In contrast to the strenuousness of the firebird is the princess from the Land of Spices. Her choreography is dainty, with lots of hopping arabesques, single-footed relevés accompanied by delicate little kicks, and a circle of pirouettes. When the merchant appears, Parungao, who is an accomplished actress, makes the development of the princess’s love for him visible in her increasingly intimate smiles and gestures, and in the way her body starts to melt into his during supported turns.
In a charming sequence Birkadze’s princess twice asks the porcelain dolls to turn their backs so she can have a private moment with the merchant, but they’re too curious about what’s going on to accommodate her. Unfazed, the princess kisses the merchant, and her reaction, a mix of shock and delight, reminds one of Juliet in the balcony scene, except that in this case the woman has taken the initiative. It’s no wonder the merchant falls in love with her; she’s all softness, coupled with a winning spontaneity. The firebird is made of sterner stuff.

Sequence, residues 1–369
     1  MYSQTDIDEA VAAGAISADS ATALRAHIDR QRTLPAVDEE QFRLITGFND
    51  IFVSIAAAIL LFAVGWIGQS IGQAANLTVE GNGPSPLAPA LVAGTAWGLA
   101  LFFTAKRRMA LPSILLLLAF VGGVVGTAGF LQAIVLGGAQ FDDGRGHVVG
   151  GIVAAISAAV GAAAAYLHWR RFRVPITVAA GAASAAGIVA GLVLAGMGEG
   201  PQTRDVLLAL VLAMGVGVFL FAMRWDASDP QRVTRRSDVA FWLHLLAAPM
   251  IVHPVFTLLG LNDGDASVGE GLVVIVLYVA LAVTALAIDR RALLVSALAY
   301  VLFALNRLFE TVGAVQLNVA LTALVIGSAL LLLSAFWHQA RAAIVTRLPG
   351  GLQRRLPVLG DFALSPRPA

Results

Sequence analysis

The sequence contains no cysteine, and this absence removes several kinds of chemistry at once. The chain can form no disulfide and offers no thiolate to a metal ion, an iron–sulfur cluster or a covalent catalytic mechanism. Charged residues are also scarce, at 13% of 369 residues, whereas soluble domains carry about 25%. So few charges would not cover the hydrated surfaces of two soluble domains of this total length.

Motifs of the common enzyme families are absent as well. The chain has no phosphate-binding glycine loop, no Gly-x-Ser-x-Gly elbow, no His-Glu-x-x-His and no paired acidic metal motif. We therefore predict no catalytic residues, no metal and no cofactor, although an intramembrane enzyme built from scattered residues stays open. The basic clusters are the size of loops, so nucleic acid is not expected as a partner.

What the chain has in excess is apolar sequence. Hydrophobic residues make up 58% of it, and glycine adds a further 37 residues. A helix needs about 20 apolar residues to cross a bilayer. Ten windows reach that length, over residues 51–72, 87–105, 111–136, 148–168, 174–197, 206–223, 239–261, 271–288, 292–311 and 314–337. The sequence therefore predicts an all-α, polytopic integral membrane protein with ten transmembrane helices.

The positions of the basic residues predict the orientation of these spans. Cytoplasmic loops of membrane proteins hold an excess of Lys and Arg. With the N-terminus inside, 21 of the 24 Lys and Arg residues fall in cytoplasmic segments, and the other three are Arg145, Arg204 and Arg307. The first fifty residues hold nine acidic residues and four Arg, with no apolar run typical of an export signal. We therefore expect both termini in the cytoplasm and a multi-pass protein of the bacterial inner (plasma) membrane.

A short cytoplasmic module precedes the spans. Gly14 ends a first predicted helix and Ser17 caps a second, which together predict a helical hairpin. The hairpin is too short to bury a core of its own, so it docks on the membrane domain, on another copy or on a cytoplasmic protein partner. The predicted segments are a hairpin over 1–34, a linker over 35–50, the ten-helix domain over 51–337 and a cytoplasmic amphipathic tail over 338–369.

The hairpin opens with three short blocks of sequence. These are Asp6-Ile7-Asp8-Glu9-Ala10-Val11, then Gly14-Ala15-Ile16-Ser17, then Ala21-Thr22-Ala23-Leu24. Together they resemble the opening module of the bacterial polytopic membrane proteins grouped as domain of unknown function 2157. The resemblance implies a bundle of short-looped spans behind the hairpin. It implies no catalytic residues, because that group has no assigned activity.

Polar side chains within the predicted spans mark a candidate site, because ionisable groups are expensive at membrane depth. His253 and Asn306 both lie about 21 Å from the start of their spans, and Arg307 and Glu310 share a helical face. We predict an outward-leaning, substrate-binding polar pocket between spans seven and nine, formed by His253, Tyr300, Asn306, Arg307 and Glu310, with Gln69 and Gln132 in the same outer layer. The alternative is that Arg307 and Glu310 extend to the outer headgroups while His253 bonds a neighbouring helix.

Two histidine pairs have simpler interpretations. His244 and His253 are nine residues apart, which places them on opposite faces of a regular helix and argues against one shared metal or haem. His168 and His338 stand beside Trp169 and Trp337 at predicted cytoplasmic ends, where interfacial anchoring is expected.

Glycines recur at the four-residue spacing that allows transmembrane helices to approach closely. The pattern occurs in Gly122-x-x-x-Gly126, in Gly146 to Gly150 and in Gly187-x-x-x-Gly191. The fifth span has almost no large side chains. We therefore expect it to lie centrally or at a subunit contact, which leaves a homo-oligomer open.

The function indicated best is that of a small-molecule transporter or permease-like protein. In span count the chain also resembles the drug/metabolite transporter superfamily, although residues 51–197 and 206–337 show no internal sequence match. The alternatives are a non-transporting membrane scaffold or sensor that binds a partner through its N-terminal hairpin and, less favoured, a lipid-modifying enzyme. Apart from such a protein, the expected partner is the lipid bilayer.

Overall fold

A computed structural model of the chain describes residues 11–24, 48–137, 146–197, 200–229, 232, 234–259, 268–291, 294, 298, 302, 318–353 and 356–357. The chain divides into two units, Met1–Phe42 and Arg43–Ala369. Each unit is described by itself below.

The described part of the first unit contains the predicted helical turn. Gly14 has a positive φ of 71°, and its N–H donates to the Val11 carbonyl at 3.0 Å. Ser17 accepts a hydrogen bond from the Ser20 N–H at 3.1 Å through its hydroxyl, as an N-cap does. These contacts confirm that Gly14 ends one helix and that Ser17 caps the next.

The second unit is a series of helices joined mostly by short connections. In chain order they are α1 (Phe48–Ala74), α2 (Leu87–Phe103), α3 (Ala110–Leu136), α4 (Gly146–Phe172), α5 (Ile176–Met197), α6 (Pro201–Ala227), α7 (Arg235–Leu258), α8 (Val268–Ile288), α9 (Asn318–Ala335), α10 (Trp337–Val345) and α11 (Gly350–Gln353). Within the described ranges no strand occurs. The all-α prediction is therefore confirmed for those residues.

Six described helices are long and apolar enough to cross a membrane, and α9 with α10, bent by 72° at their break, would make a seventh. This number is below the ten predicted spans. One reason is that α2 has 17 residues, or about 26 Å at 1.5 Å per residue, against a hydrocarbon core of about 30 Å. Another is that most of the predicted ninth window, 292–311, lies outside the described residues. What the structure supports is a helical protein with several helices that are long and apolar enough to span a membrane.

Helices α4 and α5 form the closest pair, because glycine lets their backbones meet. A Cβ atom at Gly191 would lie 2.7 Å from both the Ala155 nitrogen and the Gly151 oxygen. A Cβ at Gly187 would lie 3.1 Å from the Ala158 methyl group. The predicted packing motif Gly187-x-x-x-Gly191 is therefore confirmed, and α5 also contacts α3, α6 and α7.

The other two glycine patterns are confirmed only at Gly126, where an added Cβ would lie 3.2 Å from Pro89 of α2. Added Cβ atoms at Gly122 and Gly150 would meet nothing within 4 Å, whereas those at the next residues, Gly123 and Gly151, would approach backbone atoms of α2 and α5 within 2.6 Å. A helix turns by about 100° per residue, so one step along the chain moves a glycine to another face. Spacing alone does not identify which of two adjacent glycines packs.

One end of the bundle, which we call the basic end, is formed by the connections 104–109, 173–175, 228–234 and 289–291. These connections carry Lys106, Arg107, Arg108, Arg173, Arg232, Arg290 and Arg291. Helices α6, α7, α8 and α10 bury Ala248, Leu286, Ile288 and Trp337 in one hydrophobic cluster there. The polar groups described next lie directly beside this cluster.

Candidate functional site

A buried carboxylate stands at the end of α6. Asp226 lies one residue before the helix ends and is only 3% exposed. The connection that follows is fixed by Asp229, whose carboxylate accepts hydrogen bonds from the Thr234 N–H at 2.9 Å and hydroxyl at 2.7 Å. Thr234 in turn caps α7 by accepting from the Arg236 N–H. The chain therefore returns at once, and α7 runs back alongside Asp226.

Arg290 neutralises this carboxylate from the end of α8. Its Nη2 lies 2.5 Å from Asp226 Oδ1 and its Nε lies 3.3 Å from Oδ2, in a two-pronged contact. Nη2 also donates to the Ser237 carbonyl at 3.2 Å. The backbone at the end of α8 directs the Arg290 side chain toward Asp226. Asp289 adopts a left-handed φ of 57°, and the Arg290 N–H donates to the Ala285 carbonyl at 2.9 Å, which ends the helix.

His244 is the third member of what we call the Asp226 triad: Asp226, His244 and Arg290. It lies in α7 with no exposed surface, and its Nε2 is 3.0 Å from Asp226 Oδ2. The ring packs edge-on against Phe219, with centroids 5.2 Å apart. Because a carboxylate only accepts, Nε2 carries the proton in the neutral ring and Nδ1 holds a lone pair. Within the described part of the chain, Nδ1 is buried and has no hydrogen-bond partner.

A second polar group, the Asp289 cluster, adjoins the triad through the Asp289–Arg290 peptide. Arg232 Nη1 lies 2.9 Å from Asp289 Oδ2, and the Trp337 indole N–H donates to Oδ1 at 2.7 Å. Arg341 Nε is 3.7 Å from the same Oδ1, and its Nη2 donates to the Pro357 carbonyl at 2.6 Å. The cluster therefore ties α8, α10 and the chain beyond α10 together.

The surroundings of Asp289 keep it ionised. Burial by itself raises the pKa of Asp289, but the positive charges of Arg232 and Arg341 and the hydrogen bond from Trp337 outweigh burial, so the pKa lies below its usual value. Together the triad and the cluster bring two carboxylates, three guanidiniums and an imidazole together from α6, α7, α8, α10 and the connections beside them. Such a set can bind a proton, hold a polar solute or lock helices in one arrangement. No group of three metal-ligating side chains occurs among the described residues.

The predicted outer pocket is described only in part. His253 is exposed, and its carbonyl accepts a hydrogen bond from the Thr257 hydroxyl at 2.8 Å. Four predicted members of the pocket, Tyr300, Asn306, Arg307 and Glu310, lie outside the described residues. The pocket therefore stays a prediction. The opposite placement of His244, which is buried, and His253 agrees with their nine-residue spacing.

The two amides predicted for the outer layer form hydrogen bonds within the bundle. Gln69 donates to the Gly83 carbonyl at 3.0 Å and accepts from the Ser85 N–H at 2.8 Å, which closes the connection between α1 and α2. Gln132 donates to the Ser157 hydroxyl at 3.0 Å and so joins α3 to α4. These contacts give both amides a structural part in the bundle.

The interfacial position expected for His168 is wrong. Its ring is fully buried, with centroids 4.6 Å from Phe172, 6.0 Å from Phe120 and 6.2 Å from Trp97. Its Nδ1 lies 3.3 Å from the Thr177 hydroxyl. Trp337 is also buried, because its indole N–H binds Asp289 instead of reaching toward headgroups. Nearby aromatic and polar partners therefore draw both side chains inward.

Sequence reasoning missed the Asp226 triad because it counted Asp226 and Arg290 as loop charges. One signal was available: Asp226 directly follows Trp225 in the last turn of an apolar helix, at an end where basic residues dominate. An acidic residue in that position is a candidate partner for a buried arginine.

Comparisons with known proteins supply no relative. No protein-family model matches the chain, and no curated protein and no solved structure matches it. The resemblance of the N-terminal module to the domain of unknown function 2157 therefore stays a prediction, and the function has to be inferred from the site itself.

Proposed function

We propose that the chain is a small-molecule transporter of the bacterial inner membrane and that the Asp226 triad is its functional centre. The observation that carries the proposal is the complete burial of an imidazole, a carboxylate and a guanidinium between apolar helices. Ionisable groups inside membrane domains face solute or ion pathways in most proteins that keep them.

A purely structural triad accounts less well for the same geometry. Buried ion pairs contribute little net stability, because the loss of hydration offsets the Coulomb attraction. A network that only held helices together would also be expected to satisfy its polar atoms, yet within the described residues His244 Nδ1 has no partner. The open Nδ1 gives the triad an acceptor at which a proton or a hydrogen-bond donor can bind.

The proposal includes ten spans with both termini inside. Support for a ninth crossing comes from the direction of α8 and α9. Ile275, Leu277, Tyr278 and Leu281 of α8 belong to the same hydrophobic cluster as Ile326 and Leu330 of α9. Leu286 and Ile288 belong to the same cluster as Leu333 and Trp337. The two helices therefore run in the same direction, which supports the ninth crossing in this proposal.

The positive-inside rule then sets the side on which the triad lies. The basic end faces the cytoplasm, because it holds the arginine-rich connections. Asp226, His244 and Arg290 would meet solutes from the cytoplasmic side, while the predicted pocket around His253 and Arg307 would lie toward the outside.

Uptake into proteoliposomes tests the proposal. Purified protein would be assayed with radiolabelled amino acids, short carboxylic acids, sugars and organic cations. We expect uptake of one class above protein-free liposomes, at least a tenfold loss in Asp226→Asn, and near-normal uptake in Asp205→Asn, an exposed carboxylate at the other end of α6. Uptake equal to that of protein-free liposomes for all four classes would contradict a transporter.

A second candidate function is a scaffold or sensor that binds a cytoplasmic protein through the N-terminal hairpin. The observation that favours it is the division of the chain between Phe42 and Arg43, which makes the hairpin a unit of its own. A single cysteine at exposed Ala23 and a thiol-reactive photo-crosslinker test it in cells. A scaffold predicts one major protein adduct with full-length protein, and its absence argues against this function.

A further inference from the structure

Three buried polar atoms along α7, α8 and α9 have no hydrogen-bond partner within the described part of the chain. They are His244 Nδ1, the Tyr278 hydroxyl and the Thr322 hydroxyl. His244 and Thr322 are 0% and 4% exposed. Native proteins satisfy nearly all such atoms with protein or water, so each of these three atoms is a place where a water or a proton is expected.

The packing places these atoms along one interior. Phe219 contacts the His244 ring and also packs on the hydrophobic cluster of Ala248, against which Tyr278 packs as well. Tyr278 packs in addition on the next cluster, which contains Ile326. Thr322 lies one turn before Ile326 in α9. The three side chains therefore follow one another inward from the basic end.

Higgins’s designs are consistently ingenious and eye-catching, but perhaps his most memorable achievement is the firebird’s headdress. With its quivering plumes, the thing is almost alive — like an independent character that comments on its wearer’s state of mind.
The costumes of the princess’s entourage: tutu-length white dresses decorated with designs inspired by Ming Dynasty vases, identify them as porcelain dolls. Similarly, the metallic attire of the golden monster princes signifies their greed which, like that of Kaschei, stands in opposition to the generosity of the firebird.